During FY2013 Crown and Ergo each had two spillage incidents. At Crown the return water dams overflowed at one of the main tailings complexes, commonly referred to as GMTS. The following action was immediately taken in order to prevent a recurrence of this incident:
- The return water dam at GMTS West was de-silted and this has significantly increased the retention capacity of the complex;
- The existing pollution control paddocks adjacent to the N12 were de-silted and additional paddocks established; and
- The spill into the water resource was cleaned, a close-out survey conducted and the results forwarded to the National Nuclear Regulator and DWA as required in terms of the Crown incident reporting protocol.
The return dams at another tailings complex associated with the Crown operations (Mooifontein) also overflowed and the pump station was subsequently upgraded to prevent future occurences. Two pollution incidents associated with pipe bursts and dam overflows at the Ergo operations were also addressed during the year and the affected areas were cleaned. We have also applied to have all Crown's existing water usage licences and permits consolidated into an Integrated Water Usage Licence (IWUL).
The status of the Ergo IWUL is as follows:
- The IWUL has been issued by DWA ;
- An internal audit of the IWUL was conducted during FY2013 as required;
- An external audit of the IWUL was also conducted during FY2013 as required.
- As a result of the above audits, an action plan has been compiled and implemented to ensure compliance with all IWUL conditions; and
- A compliance inspection was conducted by the DWA.
DRDGOLD has received authorisation from the DWA to utilise nearby waste water treatment works to replace potable water in its circuits and to irrigate the vegetation on its tailings dams. Once we have received the various authorisations we will begin construction of the pipelines that link our workings with the plants later this year. This source will bring about a significant saving in water costs and also reduce our usage of potable water.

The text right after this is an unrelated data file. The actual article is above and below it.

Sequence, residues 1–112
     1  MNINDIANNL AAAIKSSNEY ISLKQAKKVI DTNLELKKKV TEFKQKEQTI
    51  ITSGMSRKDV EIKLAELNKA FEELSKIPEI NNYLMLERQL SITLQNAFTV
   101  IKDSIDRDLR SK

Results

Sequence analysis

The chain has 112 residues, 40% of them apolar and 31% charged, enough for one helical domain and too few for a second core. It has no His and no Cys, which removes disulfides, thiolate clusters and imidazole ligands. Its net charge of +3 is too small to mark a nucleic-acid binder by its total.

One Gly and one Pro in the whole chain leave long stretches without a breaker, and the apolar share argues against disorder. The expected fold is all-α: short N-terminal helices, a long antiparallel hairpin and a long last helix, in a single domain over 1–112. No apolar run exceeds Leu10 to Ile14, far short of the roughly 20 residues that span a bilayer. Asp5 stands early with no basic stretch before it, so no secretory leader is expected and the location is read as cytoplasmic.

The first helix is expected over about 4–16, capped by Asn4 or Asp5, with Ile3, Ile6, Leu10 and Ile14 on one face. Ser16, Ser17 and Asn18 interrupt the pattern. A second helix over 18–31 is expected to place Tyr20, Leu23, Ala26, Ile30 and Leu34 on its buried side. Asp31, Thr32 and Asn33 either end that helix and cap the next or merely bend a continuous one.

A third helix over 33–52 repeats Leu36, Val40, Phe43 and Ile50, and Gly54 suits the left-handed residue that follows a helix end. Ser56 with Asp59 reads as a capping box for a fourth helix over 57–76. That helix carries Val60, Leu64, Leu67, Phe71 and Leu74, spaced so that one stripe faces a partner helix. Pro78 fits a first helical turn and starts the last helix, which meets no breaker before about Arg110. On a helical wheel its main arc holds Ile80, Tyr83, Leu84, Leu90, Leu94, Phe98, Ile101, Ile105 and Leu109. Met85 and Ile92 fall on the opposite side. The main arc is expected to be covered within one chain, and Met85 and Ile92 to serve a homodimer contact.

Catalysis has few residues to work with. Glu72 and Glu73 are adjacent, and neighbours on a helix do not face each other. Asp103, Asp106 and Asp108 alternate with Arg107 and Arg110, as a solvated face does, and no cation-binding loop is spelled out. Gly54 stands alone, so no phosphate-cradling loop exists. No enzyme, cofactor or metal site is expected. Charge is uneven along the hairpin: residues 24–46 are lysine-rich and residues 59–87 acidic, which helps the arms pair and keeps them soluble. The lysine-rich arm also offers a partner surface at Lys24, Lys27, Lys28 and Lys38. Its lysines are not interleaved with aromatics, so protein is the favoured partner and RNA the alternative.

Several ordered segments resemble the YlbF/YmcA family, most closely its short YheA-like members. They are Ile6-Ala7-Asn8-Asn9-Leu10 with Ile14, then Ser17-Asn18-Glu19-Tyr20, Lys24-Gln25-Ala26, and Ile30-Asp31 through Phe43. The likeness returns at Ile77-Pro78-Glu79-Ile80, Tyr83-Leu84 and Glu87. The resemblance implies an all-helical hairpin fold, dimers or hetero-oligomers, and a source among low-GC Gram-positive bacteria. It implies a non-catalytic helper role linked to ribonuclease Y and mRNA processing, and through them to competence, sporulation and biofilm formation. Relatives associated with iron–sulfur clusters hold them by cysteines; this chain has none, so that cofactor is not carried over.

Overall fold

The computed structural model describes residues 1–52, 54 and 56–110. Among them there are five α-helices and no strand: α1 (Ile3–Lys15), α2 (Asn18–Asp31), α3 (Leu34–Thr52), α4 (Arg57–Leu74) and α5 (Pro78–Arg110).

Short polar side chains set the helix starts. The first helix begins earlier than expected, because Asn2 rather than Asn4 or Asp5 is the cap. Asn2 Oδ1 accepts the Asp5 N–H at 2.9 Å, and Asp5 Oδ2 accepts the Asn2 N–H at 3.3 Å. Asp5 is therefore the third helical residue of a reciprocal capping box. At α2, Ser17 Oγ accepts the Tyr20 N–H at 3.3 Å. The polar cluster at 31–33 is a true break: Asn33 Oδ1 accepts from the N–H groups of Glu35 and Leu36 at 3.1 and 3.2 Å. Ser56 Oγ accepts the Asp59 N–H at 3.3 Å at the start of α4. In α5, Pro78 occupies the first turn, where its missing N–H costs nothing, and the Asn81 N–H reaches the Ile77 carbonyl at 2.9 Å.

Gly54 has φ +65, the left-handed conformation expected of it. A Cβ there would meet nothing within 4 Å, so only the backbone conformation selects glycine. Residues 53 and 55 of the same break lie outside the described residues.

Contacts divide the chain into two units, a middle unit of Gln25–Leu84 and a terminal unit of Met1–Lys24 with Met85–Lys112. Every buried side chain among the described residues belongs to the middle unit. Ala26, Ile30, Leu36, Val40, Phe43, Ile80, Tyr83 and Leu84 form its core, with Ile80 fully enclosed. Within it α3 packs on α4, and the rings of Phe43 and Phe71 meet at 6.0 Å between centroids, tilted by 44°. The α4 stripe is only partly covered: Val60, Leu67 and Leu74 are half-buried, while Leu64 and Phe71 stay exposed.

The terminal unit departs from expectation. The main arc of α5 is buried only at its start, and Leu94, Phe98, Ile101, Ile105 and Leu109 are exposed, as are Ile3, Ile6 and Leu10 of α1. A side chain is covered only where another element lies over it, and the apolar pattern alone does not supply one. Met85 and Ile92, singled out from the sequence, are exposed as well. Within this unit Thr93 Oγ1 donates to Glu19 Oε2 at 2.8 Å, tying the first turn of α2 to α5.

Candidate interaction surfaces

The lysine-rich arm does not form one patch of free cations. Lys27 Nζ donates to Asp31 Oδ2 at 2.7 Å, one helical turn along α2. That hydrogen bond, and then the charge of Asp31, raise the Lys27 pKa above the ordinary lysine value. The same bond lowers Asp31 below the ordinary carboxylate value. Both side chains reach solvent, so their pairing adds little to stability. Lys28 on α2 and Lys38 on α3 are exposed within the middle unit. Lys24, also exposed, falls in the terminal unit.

|Potable water from external sources||5 748||8 301||8 491|
|% of total water used that is sourced from external sources||20||23||26|
|Groundwater used||1 800||15 198||6 299|
|% water used that is groundwater||6||43||19|
|Water recycled in process||21 773||15 154||17 674|
|% of water that is recycled||74||43||55|
|Total water used||29 321 LA||35 508||32 464|
- * Figures include Blyvoor until end May 2012.
- LA Limited assurance.
To address legitimate concerns of stakeholders and affected parties DRDGOLD will:
- Continue to engage with all stakeholders and I&APs within the existing, formalised mechanisms, as well as any others deemed appropriate and feasible;
- Note legitimate concerns raised by stakeholders and address them;
- Maintain accurate records of any and all engagements with stakeholders in an issues and response register;
- Strive to continually improve its environmental performance through appropriate resourcing and the application of "best practice" principles and technologies;
- Implement and expand the current compliance mechanism tool; and
- Close out completed sites and return land to the owners for development.
DRDGOLD did not receive any material fines in respect of non-compliance with laws and regulations during FY2013.
DRDGOLD believes that, commensurate with its formal Environmental Policy, it is pro-active in effectively managing environmental impacts at its operations. Mindful that careful monitoring of policies should result in continued improvements, DRDGOLD will, as part of its Environmental Management System, aim to remain pro-active and continue to develop measures over time.